The critical role of ants in the extensive dispersal of Acacia seeds revealed by genetic parentage assignment
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Ants are prominent seed dispersal agents in many ecosystems, and dispersal distances are small in comparison with vertebrate dispersal agents. However, the distance and distribution of ant-mediated dispersal in arid/semi-arid environments remains poorly explored. We used microsatellite markers and parentage assignment to quantify the distance and distribution of dispersed seeds of Acacia karina, retrieved from the middens of Iridomyrmex agilis and Melophorus turneri perthensis. From parentage assignment, we could not distinguish the maternal from each parent pair assigned to each seed, so we applied two approaches to estimate dispersal distances, one conservative (CONS), where the parent closest to the ant midden was considered to be maternal, and the second where both parents were deemed equally likely (EL) to be maternal, and used both distances. Parentage was assigned to 124 seeds from eight middens. Maximum seed dispersal distances detected were 417 m (CONS) and 423 m (EL), more than double the estimated global maximum. Mean seed dispersal distances of 40 m (±5.8 SE) (CONS) and 79 m (±6.4 SE) (EL) exceeded the published global average of 2.24 m (±7.19 SD) by at least one order of magnitude. For both approaches and both ant species, seed dispersal was predominantly (44–84 % of all seeds) within 50 m from the maternal source, with fewer dispersal events at longer distances. Ants in this semi-arid environment have demonstrated a greater capacity to disperse seeds than estimated elsewhere, which highlights their important role in this system, and suggests significant novel ecological and evolutionary consequences for myrmecochorous species in arid/semi-arid Australia.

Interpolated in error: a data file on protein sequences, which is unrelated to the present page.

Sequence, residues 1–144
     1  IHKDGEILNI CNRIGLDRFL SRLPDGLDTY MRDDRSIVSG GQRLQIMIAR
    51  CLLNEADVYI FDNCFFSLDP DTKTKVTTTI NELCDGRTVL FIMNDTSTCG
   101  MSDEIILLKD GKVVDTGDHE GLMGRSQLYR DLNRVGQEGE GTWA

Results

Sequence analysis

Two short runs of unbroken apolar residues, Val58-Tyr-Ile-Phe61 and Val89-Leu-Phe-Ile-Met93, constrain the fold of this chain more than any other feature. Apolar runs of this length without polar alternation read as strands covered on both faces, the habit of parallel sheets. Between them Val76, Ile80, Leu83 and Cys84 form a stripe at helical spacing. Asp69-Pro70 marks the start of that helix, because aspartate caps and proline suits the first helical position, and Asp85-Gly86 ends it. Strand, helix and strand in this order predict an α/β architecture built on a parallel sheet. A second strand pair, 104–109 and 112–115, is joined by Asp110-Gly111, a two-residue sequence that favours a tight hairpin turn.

KeywordsSeed dispersal Myrmecochory Semi-arid zone Plant density Parentage assignment
We thank Karara Mining Ltd for funding, Brian Heterick (Curtin University) for his assistance in identification of ant species collected from the field and comments on their biology and Melanie Britton for laboratory assistance. Phyllode and seed material was collected under permit number 63-1314 issued to SK under the Western Australian Wildlife Conservation Act 1950. The authors declare that they have no conflict of interest.
Author contribution statement
PGN originally formulated the idea. PGN, CMP, CPE, JDM, JA and SLK designed the study. PGN, CMP, CPE and JA collected the samples and/or data. CMP, CPE and SLK analysed the data. CMP, PGN CPE, JDM and SLK wrote the manuscript.
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